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By Nancy Gossard
Wellness Editor 

Prebiotics, Probiotics, and Raw Sauerkraut For a Healthier Gut


Last updated 4/17/2019 at 10:47am

Our bodies need prebiotics, probiotics and a healthy microbiome. I like vegetables so much that I could eat only them and vegetables do have something that meat does not have naturally: Prebiotics.

From wiki:

Prebiotics: a substrate that is selectively used by a host microorganism to produce a health benefit.

Compounds that can be classified as prebiotics must also meet the following criteria:

• non-digestible and resistant to breakdown by stomach acid and enzymes in the human gastrointestinal tract

• selectively fermented by intestinal microorganisms

• selectively target and stimulate the growth and activity of beneficial bacteria

We need to nurture our microbiome and good gut bacteria. Microbiome is defined as the microorganisms in a particular environment (including the body or a part of the body). We depend on a vast army of microbes to stay alive: a microbiome that protects us against germs, breaks down food to release energy, and produces vitamins.


Our guts have 100 trillion bacteria, most of them (at least among us Westerners) "good" bacteria. Unfortunately, those good bacteria are starving due to antibiotic use; antimicrobial cleaners; and our reliance on fast-food, simple carbohydrates and saturated fats, instead of adequate plant-based fiber.

It may sound counterintuitive that the hand sanitizer or kitchen soap with antimicrobials is bad for you, but if you have access to soap and water, they kill bacteria just as well and don't have a lingering effect on your health or the environment. (I am not condemning sanitizer outright. I have some and used it copiously to avoid catching scabies from a rescue/foster kitten.) That also suggests skipping the drive-thru, avoiding sugar, and limiting animal fats as a way to help heal your gut.

If you add a large amount of prebiotics to your diet in a short amount of time, you may experience bloating or increased gas from the fermentation. Prebiotics can be taken in pill form: cal-mag butyrate, inulin powder, or arabinogalactans.

Foods that have a lot of natural occurring prebiotics are:

• Allium vegetables such as garlic, onion, leeks, chives, and scallions are great choices. Add them to food raw for the best source of prebiotics.

• Apple cider vinegar (organic)

• Asparagus

• Avocado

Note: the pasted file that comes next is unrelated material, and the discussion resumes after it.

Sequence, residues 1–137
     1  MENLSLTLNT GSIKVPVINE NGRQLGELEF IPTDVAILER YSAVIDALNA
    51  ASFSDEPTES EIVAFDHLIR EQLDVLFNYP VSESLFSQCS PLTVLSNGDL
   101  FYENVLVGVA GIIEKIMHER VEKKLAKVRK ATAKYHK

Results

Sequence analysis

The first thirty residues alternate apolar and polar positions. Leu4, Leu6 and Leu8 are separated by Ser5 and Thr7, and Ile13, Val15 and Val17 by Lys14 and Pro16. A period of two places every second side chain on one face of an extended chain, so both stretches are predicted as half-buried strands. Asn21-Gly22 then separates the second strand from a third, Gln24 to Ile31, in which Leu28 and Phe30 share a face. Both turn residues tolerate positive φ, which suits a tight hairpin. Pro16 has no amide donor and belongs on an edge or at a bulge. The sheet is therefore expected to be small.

• Carrots

• Cinnamon

• Dandelion greens are leafy green vegetables that are made up of 25% prebiotic fiber.

• Jicama (yacon), Jerusalem artichoke, and chicory root all contain inulin, a form of prebiotic fiber.

• Okra

• Potato skins

• Peas

• Radishes

• Soybeans

• Tomatoes

• Turmeric

• Whole-grain and sprouted-grain breads

• Wheat germ, whole wheat berries

If you put cinnamon or turmeric in your morning coffee and have a salad with avocado, tomato, and carrots topped with ACV for lunch you have fed your gut bacteria. Now we need to make sure we have enough of them. That's probitoics.

From Wiki:

Probiotics are live microorganisms intended to provide health benefits when consumed, generally by improving or restoring the gut flora...Live probiotic cultures are part of fermented dairy products, other fermented foods, and probiotic-fortified foods.

Some fermented products that contain lactic acid bacteria (LAB) include: vegetables such as pickled vegetables, kimchi, pao cai, and sauerkraut; soy products such as tempeh, miso, and soy sauce; and dairy products such as yogurt, kefir, and buttermilk.

More precisely, sauerkraut contains the bacteria Leuconostoc mesenteroides, Lactobacillus plantarum, Pediococcus pentosaceus, and Lactobacillus brevis, Leuconostoc citreum, Leuconostoc argentinum, Lactobacillus paraplantarum, Lactobacillus coryniformis, and Weissella sp.

Dr. Terry Wahls recommends adding a probiotic capsule to food you are fermenting or using the liquid from previously fermented food. Dr. Wahls is the author of The Wahls Protocol, How I Beat Progressive MS Using Paleo Principles and Functional Medicine.

Trader Joe's sells a raw sauerkraut that could be used as a starter for your next batch. Or you could make it the old fashioned way and just use salt and water. Fermenting crocks make things easy, but I have seen recipes that just call for a jar. Here are some links to get you started.

Dr. Wahls


Fermentation Crock links: This is the most reasonably priced one I could find.

These are the most reasonably priced ones I could find.

Carrie's Killer Kraut from

1 32 Oz Mason jar

4 C grated Red Cabbage (any cabbage will work)

2 Large Carrots grated (about a cup)

2 green onions sliced

1/2 small red onion (about half a cup)

4 cloves of garlic minced

1/4 finely chopped parsley

1 heaping T minced ginger

1/4 finely chopped jalapeno or Serrano chile (optional)

Juice of 1 lime (about 2T)

1 T Himalayan salt

Mix all the ingredients together in a big bowl, pour the lime and salt on top. Then, with clean hands, scrunch everything together. Mix it really well to get those juices going. Then cover it with a towel and let it sit for 30 minutes to an hour.

Huffington Post

Fill the mixture in your mason jar and mash it down. Keep pressing with either your hand, a large spoon or even a smaller jar. You want to push it down until you see juice. Ideally, you want the juice to cover the kraut. If it doesn't you can add a small bit of brine (salt water) to the mixture. Secure your lid and store on your counter, away from the sun. Check it in about 10 days. We like ours at 14 days but you can let it set for up to 30. When you get the taste you want, pop it in the fridge. That will stop the fermenting process.


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